THE DEVELOPMENT OF THE MARKET ECONOMY IN COLONIAL MASSACHUSETTS
The rise of the market economy in colonial Massachusetts has always been of concern to economic historians. The ascendance of modern day American capitalism owes much to this latter day transition. Many economic historians attribute the growth of the market and the rise of capitalism in Massachusetts to the intrusion of external forces and/or to certain unchangeable human tendencies to "truck, barter and seek profits." But these prevailing explanations are riddled with ironies and unanswered questions.
For example, the Puritan ideology, which dominated religious and secular life in Massachusetts (1650-1750) included a strong anti-market, anti-profit component. How was it possible for "external" forces to overcome this all pervasive ideology? Indeed, why did capitalist relations develop first in that region of North America that was philosophically most opposed to its growth? Secondly, the rise of the market system and of capitalism was a process which took place overtime. Therefore, how can we theoretically characterize the pre-capitalist economy in colonial Massachusetts, given the widely held consensus that feudalism did not exist in the North American colonies or at least in Massachusetts?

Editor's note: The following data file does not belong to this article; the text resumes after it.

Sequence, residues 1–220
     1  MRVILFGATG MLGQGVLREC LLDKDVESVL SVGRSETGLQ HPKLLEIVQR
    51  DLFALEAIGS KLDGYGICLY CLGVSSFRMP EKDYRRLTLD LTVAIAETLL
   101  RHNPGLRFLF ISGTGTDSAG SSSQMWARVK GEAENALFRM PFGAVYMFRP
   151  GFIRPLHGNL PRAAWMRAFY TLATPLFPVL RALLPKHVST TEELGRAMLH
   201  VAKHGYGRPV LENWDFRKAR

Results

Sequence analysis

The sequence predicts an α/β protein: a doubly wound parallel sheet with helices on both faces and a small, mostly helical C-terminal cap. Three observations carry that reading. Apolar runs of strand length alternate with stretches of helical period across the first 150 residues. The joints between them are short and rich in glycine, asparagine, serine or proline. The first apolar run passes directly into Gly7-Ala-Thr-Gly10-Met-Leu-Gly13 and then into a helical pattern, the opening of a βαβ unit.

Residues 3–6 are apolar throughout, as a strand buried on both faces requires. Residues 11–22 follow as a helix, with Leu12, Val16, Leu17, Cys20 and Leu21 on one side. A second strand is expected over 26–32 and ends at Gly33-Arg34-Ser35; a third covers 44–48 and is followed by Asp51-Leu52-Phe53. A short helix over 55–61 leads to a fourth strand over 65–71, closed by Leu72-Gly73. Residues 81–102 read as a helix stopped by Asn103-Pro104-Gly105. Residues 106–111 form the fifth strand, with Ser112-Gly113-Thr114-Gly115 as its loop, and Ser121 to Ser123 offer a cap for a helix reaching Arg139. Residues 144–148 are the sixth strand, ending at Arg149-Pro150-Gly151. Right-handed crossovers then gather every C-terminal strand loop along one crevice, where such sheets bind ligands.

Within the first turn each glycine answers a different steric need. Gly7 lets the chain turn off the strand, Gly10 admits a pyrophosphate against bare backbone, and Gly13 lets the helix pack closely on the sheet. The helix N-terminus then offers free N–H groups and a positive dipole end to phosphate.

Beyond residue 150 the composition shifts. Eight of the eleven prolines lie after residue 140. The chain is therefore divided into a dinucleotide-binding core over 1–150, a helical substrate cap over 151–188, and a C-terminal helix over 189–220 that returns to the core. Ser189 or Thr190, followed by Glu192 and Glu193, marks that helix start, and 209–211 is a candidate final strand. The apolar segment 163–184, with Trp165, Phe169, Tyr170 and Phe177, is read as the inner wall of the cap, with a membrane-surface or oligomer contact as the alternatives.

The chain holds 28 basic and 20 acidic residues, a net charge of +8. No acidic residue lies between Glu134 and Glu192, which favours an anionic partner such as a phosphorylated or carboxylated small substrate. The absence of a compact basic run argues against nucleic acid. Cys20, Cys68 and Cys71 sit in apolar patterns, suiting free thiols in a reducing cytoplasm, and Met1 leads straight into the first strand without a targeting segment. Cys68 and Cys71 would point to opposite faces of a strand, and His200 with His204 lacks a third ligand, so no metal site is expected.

This dissertation employes a theoretically rigorous class analysis to address these and other related questions in an overall attempt to explain the basis for the origins of capitalism in Massachusetts by 1800. The study covers the period 1620-1800, a span of time which encompasses the early settlements by 'Pilgrims' and 'Puritans' through the birth of the North American nation.
The first chapter defines and explains the key concepts and methodological approach of the dissertation. The second chapter, perhaps the key theoretical chapter, defines the variety of non-capitalist class relations present in early 17th Century Massachusetts. These included ancient relations, feudal relations, slavery, as well as their subsumed classes--merchants, clergy, government officials, etc.
The third and fourth chapters deal with the interactions between these classes 1640-1800. Specifically, we examine how each class in society struggled to maintain the economic, political and cultural conditions necessary to insure its own existence. In the very process of this endeavor, however, the structure of classes and the economy itself changed, as conflicts and contradictions were intensified and resolved. Thus, the development of new classes, new economic structures can be seen as a complex process of structural growth and change rather than a series of external intrusions or the blossoming of inherent human propensities.